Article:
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Track Review: Charalambides ‘True Love’

Who better to offer a meditation on love than two musicians who were once married?

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Tom and Christina. (Image: Bandcamp)

A dreamy, at times meandering, 10-minute song from Charalambides, “True Love” is a sonic exploration of self-expression in true avant-garde form. Sounding like a more abstract Low and a less melodic Dirty Beaches, the song captures a distinctly wordless set of emotions that stems from the elusive “true” love.

Charalambides is comprised of once-married — but now divorced — musical duo Tom and Christina Carter. Their latest record under the Charalambides moniker, aptly titled Tom and Christina Carter, and was released on Drawing Rooming Records last month, and is the first full record from the pair since 2007’s Likeness.

“True Love” is a stripped-down, blues-tinged improvisation featuring only two instruments: An electric guitar with no pedals or noticeable effects added, which serves as the undercurrent to the tune. Christina’s mournful vocals sit atop that minimal guitar noodling. Christina’s wailing cries are a pure expression of emotion yet contain no discernible lyrics — just her warbling voice.

Due to the lack of words, it’s hard to determine just how much of “True Love” is autobiographical, but Christina’s pained vocals capture a raw snapshot of the pain that stems from falling in, and out, of love.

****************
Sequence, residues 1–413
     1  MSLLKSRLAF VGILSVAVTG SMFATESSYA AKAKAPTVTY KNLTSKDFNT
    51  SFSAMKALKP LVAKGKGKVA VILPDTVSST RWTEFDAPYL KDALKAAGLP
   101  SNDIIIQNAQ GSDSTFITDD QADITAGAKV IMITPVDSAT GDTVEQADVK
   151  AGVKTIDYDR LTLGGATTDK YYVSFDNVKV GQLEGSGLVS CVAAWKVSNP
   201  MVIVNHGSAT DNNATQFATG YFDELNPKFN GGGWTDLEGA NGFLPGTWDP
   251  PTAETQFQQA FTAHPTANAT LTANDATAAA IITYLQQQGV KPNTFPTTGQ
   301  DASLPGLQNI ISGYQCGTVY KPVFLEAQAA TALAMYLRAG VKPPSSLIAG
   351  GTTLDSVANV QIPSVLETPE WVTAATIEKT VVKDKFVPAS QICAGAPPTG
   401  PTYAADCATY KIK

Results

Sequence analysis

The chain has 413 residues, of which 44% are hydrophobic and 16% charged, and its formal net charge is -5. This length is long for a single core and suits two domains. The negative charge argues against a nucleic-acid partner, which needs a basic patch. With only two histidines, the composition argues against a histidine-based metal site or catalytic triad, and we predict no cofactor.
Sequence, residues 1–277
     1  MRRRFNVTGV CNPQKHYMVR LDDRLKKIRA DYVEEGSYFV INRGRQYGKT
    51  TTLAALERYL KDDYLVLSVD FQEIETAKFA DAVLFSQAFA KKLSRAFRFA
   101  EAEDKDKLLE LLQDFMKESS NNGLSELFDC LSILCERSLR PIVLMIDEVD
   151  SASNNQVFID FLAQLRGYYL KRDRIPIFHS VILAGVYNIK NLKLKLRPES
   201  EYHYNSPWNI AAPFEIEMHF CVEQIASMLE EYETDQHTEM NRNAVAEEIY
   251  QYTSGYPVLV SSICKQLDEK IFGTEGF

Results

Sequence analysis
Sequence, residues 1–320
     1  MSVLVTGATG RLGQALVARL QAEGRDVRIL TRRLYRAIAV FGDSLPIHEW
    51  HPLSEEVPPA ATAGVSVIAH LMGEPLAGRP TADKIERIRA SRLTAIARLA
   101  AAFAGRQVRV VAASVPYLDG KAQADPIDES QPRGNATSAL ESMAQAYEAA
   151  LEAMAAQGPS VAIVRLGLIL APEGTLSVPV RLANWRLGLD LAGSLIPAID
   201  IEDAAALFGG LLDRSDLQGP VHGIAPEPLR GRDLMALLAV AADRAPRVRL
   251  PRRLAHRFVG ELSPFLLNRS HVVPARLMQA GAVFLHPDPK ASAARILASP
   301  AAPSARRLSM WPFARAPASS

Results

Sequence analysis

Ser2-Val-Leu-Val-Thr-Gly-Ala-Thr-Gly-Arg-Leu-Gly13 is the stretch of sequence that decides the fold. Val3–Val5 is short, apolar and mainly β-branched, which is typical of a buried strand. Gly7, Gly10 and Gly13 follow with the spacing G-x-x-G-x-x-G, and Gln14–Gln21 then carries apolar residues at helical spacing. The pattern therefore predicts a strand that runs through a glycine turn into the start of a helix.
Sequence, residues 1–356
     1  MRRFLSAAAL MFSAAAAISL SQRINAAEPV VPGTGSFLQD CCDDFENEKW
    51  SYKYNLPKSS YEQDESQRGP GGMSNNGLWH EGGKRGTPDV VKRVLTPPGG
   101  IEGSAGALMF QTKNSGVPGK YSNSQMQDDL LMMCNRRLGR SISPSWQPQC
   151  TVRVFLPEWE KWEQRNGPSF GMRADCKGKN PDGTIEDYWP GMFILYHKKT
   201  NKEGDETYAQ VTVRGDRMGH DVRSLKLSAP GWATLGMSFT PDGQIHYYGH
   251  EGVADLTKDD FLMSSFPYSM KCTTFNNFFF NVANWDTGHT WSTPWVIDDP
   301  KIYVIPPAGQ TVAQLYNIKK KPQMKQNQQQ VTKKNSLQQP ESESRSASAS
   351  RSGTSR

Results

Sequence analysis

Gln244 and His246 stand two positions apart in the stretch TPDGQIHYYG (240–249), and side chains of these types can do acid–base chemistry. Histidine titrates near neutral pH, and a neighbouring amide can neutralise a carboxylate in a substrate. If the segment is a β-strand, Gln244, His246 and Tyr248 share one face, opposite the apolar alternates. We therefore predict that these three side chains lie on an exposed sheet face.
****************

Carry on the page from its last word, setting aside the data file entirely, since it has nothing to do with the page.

It’s admirable to listen to two musicians, who were once married, continue to collaborate. It’s even more awe-inspiring that these two were able to set aside their past in order to create a song about true love. And not just any song, but a song that is filled with such palpable pain, a song shrouded in such unarticulated and complex emotions, that the absence of lyrics is frustrating.

But, the lack of words to describe “True Love” within the song itself only adds another layer of artistic intention and mystery. After all, true love is, at its core, impossible to articulate with something as simple as words.

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Padideh is a recent graduate from the University of Colorado Denver and currently an music writing intern at 303 Magazine. She likes writing about musicians who are pushing the boundaries of experimental electronic music.

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